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Thursday, Sept. 6, 2018 12:09 am

Mock Love to Me

PHOTO COURTESY AMY ALKON
Amy Alkon
My boyfriend has this irritating habit of making fun of my outfits or my spray tan. When I get upset, he says I’m being “sensitive.” I try to look cute for him, and I just don’t think it’s funny for your boyfriend to mock your appearance. Is this his issue or mine? If it’s his, how do I get him to stop? -- Unhappy
 
It’s probably tempting to give him a taste of his own medicine: “Baby, I did not use the word ‘small’ in describing your penis. I called it ‘adorable.’”

    The reality is, beyond men’s zipper zone, women are generally more sensitive to jabs about their looks. This makes sense if you look at sex differences in the qualities we evolved to prioritize in a mate. Of course, we all want a hottie if we can get one -- just as we’d take the Malibu mansion with the stable, the tennis courts and the manservants over the basement apartment with all the charm, space and light of a broom closet in a Dickensian orphanage.

    But in mating, as in life, we tend to be on a budget. Evolutionary social psychologist Norman Li and his colleagues recognized that, and instead of asking research participants the open-ended sky’s-the-limit! question “So, what do you want in a mate?” they gave them a limited “mating budget.” This, in turn, forced participants to decide which traits and qualities were “necessities” and which were “luxuries.”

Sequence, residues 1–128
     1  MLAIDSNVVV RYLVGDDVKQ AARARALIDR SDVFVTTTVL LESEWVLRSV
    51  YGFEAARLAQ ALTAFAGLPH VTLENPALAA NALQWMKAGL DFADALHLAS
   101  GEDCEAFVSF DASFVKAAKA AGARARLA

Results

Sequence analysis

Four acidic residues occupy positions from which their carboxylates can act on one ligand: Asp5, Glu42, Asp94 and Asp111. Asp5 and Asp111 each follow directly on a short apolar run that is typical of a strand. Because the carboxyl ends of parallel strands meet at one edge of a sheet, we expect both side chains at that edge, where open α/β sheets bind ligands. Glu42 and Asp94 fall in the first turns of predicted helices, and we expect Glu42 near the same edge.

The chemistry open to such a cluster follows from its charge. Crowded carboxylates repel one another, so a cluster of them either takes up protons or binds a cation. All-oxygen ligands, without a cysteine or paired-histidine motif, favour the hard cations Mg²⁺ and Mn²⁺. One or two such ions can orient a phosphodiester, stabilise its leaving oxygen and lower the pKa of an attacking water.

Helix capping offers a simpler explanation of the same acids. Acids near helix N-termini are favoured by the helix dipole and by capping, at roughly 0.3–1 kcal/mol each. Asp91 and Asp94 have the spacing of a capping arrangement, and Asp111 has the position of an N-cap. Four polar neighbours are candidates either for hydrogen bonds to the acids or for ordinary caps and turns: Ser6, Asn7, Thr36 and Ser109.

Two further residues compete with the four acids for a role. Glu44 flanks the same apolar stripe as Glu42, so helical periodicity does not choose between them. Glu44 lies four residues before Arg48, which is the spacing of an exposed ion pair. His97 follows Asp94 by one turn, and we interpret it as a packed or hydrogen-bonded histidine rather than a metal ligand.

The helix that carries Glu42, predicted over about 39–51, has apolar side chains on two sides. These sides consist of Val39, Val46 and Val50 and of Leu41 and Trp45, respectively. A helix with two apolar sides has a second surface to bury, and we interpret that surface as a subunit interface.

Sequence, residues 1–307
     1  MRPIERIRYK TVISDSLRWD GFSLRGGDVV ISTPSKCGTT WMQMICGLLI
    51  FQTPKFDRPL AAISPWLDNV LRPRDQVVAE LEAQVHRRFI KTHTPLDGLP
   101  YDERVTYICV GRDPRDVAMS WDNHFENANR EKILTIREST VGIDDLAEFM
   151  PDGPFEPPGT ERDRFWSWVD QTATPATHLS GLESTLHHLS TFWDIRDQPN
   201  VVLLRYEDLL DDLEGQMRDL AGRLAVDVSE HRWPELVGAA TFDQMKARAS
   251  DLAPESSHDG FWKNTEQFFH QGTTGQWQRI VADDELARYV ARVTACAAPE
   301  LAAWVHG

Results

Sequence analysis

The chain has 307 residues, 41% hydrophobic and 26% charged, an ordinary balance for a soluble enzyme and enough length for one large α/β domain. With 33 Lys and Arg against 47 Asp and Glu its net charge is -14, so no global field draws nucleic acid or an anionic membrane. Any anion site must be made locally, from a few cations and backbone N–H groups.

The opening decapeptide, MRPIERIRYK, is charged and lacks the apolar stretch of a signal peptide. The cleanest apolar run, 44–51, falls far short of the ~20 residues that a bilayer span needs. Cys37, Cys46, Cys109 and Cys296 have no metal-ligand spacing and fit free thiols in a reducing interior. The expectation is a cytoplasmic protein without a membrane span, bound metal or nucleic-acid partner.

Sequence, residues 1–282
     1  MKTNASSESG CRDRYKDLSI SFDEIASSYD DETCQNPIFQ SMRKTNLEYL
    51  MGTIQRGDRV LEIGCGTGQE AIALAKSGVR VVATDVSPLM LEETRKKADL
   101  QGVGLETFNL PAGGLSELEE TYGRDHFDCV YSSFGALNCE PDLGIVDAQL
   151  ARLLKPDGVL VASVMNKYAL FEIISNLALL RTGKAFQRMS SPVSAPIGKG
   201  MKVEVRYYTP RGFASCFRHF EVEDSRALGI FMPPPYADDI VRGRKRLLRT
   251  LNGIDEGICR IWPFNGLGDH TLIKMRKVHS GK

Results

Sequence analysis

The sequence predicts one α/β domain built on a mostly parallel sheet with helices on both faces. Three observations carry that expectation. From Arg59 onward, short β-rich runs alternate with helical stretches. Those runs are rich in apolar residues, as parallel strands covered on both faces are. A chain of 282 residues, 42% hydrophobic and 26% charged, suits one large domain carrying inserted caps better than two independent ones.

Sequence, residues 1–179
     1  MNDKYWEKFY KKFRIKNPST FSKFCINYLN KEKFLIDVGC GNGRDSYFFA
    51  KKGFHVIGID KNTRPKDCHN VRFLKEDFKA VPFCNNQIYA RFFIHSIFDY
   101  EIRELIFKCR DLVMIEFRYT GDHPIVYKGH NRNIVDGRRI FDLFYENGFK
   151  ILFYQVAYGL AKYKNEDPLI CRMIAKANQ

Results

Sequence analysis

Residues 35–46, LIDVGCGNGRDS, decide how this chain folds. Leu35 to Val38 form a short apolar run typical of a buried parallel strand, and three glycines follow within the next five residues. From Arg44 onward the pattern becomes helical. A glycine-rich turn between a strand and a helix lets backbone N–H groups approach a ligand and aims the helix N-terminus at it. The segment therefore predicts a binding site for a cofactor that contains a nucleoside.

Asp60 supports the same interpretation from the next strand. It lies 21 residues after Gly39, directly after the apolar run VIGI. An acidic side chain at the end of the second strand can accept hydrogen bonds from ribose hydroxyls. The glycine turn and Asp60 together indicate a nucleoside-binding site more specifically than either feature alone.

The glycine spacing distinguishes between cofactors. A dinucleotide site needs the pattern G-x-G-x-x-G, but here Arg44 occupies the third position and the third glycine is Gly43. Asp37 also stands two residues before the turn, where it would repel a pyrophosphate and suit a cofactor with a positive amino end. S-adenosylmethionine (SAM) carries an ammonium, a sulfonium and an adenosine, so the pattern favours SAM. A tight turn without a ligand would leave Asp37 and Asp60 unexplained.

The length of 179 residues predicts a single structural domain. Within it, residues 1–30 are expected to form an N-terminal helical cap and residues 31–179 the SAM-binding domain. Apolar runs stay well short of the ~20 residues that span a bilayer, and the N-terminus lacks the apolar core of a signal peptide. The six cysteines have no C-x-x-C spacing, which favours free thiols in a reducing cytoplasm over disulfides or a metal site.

The Li team’s results echo a body of cross-cultural findings on mate preferences. Men in their study overwhelmingly deemed “physical attractiveness” a “necessity.” (Consider that the female features men find beautiful correlate with health and fertility in a woman.) Meanwhile, the women they surveyed, under these “budgetary” constraints, overwhelmingly went for “status/resources” over male hottiehood. This reflects women’s evolved motivation to go for men with an ability to invest in any children who might pop out after sex.

    Because women coevolved with men, they are, at the very least, subconsciously attuned to men’s prioritizing physical appearance in female partners. This, in turn, leads a woman’s emotions to sound the alarm -- in the form of fear and hurt feelings -- when her male partner seems to find her less than lookalicious.
    
Explain these sex differences to your boyfriend so he can understand why you feel bad about his taunts in a way he probably doesn’t from, say, putdown-fests with his dudebros. Encourage him to tactfully tell you if something in your look isn’t doing it for him (and explain how to go about that). In time -- assuming he’s an accidental meanie -- he should start showing a little restraint, merely blurting out “You look good enough to eat!” and not (har, har) going on to part two: “... because that spray tan makes you a dead ringer for a giant Cheeto.”

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